Aetna Inc., the nation’s largest health insurer, said yesterday that it had received a $ 10.3 billion joint buyout offer from WellPoint Health Networks Inc., a California-based health insurance company, and ING America Insurance Holdings Inc., part of a Dutch financial conglomerate.
The deal would ratchet up the concentration of power in the managed-care industry, where Aetna–which covers about 1.3 million people in Maryland, the District and Virginia–is still digesting its purchases of two major competitors, Prudential HealthCare and NYLCare.
The wave of mergers has left employers and consumers with fewer choices of health plans, and it has given the surviving managed-care companies much more bargaining power over doctors, hospitals and other health-care providers.
Aetna‘s health-care business is much larger than that of its would-be acquirer, WellPoint. Aetna provides medical coverage for about 21 million Americans. WellPoint, which started as part of nonprofit Blue Cross of California, provides coverage for 7.3 million Americans. They include about 97,000 people in Maryland, the District and Virginia, where it does business under the name Unicare.
Aetna said its board will review the buyout offer “in due course.”
The offer comes at a time when Aetna has been weakened by disappointing earnings, a depressed stock price and a backlash against cost-cutting measures that some doctors, patients and politicians have criticized as heavy-handed.
Aetna said it received a letter last Thursday from WellPoint and ING asking it “to begin discussions”–one day before Aetna announced the resignation of its embattled chairman and chief executive, Richard L. Huber.
WellPoint and ING had intended to keep their offer confidential, Aetna said, but Aetna confirmed the broad outlines after CNBC broke the story. Under the offer, Aetna shareholders would receive $ 44 in cash and $ 26 in WellPoint stock for each Aetna share.
Advocates for doctors and patients expressed concern about the potential merger. The deal could give the combined business “the clout to send out contracts with egregious terms and a take-it-or-leave-it attitude,” said Thomas R. Reardon, president of the American Medical Association, a major physicians lobby.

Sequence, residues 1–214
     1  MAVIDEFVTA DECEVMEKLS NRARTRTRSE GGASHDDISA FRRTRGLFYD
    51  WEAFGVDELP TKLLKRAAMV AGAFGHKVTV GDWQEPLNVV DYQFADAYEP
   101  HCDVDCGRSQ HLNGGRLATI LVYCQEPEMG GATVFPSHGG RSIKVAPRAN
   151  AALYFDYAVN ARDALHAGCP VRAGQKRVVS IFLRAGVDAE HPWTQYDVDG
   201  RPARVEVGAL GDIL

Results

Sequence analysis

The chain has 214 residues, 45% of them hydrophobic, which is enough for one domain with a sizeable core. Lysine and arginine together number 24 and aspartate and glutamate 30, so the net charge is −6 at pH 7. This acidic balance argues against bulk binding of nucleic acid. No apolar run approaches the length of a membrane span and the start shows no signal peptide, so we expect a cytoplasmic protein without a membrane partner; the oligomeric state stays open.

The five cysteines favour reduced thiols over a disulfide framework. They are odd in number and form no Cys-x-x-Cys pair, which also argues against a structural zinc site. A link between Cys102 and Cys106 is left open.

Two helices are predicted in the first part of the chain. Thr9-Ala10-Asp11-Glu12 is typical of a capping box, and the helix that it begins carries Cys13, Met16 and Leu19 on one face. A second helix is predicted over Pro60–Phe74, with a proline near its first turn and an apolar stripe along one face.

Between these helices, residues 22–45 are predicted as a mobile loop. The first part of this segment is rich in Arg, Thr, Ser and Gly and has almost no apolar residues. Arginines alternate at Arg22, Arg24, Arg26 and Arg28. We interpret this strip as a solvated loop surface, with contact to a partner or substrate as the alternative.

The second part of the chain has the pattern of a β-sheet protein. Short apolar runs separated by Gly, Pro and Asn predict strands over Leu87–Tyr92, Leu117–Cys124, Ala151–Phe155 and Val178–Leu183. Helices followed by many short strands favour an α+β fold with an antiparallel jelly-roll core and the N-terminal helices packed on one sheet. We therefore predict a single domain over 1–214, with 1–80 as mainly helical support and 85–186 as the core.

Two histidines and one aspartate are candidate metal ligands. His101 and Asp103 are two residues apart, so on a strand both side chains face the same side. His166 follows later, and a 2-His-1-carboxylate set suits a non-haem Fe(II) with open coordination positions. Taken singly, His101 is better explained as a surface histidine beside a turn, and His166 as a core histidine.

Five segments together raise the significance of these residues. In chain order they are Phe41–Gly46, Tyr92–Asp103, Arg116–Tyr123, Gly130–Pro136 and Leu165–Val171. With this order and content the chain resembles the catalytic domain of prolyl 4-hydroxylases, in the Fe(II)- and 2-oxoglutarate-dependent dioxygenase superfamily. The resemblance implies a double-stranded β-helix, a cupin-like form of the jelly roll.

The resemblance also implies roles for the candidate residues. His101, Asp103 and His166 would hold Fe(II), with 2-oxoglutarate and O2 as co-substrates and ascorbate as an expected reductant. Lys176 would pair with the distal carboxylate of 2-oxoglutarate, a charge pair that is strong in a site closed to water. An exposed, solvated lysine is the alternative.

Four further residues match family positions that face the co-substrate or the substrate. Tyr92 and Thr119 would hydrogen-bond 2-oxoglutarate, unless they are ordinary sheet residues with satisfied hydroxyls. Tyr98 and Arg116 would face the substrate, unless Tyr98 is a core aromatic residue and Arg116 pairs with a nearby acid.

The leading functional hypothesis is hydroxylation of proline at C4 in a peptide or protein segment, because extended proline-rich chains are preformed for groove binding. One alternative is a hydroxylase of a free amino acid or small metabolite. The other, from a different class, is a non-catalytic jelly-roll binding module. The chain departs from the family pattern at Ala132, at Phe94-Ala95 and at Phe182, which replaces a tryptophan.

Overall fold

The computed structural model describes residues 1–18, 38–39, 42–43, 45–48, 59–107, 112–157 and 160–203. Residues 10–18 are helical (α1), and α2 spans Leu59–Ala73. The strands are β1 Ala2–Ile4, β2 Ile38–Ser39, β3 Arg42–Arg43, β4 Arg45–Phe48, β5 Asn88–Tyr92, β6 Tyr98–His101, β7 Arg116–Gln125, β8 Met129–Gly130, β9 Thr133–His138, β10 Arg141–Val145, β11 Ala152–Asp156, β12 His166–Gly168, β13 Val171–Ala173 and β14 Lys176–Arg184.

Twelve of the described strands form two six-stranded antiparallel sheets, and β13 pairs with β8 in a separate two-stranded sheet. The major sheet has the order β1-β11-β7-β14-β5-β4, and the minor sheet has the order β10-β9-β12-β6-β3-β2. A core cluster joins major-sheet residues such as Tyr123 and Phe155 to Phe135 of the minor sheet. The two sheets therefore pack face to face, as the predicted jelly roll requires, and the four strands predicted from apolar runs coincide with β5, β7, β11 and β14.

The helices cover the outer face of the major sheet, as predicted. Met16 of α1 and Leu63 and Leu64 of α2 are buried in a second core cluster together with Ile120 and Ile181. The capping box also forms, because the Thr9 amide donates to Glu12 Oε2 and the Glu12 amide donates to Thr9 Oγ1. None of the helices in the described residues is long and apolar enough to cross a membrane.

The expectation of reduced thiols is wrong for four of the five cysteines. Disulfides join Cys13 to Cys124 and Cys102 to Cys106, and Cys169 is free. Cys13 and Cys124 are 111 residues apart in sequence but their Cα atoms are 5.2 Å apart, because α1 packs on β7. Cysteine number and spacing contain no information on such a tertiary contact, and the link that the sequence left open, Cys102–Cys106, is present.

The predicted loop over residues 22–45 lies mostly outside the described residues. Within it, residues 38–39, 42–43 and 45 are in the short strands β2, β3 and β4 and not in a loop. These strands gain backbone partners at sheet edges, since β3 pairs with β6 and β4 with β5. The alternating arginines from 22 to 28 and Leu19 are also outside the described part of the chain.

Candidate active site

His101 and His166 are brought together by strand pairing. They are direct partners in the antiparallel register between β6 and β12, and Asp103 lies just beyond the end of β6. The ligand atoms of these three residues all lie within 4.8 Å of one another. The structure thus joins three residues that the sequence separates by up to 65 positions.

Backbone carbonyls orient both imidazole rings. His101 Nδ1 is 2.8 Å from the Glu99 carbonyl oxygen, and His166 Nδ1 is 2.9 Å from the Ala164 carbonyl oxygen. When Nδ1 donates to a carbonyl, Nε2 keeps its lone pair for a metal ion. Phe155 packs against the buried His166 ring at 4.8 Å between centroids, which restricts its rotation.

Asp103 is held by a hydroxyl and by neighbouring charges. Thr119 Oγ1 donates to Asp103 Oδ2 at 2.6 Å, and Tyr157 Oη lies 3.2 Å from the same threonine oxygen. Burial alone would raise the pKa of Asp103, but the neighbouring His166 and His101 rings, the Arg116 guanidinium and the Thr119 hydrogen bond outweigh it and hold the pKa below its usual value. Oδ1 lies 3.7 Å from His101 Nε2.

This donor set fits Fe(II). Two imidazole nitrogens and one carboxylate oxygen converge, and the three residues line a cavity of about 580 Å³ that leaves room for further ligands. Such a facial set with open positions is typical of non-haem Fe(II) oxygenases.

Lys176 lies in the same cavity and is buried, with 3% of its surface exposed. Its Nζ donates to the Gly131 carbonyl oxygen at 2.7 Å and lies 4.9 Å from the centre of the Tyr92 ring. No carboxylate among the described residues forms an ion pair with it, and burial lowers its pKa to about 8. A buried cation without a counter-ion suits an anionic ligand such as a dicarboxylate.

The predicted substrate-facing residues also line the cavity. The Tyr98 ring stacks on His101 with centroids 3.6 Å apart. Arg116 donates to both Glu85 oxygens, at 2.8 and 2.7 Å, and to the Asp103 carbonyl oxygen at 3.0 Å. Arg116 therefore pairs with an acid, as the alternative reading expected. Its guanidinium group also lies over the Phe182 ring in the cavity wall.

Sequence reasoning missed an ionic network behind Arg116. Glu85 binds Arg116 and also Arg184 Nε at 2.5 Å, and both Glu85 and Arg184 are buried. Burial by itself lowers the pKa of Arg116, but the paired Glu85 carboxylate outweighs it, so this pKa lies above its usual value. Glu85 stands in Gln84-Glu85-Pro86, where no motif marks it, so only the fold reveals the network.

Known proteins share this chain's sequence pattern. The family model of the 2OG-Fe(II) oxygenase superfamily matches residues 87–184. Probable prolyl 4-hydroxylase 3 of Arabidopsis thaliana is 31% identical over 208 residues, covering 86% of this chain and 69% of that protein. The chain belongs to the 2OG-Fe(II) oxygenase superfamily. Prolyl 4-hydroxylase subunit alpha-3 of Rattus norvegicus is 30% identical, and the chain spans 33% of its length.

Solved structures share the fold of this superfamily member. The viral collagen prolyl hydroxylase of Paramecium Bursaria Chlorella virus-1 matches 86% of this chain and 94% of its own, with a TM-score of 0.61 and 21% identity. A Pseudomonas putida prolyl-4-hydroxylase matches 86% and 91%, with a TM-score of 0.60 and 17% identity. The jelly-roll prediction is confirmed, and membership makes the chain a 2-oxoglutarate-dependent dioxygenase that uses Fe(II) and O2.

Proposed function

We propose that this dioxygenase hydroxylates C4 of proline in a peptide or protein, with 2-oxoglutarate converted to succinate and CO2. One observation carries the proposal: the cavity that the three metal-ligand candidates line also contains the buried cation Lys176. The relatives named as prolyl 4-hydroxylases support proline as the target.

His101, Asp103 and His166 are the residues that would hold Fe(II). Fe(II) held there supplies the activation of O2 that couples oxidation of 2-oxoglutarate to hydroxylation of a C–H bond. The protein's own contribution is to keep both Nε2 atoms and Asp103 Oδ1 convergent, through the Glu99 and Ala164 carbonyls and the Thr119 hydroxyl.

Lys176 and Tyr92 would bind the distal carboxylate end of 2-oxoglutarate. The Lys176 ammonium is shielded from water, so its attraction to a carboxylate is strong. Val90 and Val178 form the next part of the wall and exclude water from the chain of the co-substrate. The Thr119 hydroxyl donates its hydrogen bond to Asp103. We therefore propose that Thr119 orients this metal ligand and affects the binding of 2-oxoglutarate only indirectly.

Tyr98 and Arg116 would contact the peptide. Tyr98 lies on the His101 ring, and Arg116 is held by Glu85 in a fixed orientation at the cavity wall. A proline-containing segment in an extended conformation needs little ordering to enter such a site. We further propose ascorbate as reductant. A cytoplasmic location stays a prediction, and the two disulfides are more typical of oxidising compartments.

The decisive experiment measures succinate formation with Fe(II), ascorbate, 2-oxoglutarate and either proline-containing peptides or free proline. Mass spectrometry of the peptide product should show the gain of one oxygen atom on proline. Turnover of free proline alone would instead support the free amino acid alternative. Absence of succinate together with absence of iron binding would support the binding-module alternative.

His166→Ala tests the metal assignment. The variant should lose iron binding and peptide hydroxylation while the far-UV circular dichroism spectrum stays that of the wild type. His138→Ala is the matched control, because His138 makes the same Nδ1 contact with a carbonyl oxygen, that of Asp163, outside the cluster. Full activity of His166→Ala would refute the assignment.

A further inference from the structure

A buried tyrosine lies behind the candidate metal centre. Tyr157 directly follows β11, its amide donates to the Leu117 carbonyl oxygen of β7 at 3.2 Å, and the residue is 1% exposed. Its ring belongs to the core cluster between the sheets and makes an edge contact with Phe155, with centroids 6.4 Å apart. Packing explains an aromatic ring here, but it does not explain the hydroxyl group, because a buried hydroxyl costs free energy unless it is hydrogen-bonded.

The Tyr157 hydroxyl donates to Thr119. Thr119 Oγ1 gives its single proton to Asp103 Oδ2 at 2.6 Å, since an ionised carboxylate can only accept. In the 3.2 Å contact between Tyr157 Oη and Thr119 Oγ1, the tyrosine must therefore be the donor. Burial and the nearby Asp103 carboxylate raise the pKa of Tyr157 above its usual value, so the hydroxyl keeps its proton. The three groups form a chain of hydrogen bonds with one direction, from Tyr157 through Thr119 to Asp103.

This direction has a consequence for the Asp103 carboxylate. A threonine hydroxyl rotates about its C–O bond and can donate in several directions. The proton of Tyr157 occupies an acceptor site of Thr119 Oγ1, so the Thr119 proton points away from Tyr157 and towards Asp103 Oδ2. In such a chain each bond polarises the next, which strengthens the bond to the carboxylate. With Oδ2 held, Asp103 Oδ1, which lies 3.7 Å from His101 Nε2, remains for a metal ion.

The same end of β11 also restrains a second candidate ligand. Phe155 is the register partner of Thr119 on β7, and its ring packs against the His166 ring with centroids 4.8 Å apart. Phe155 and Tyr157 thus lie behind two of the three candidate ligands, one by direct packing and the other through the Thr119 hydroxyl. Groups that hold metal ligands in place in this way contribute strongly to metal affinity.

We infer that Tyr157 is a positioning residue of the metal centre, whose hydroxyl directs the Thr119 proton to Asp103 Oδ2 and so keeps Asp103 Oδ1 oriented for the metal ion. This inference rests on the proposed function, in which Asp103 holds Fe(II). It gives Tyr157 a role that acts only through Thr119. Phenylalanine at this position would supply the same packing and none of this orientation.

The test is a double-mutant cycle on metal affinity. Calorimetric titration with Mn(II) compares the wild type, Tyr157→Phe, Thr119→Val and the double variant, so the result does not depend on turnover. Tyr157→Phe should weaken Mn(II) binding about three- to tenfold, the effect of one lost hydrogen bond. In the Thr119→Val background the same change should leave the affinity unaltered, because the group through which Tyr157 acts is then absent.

Many doctors have chafed under Aetna‘s edict that to participate in the company’s preferred provider organizations they must also participate in its more strictly managed health maintenance organizations. HMOs pay many doctors a flat monthly fee for each patient regardless of the patient’s medical needs.
Jamie Court of the California-based Foundation for Taxpayer and Consumer Rights said a WellPoint–Aetna combination would “be able to dictate terms to doctors, patients, hospitals and nurses with grave consequences for the quality of care.”
But Douglas B. Sherlock, an investment banker who specializes in health care, said that bargaining power could lead to lower insurance premiums for consumers and employers. WellPoint is weak in many areas where Aetna has a strong presence, Sherlock added; in many parts of the country, a WellPoint–Aetna merger would not alter the balance of power because the companies do not overlap significantly if at all.
WellPoint, which is heavily concentrated in California, also provides specialized benefits such as dental, vision and mental coverage.
Its bid for one the nation’s insurance giants symbolizes the transformation of many U.S. health-care enterprises from not-for-profit organizations to Wall Street powerhouses. Rising from its Blue Cross roots, it has since absorbed units of Massachusetts Mutual Life Insurance Co. and John Hancock Mutual Life Insurance Co.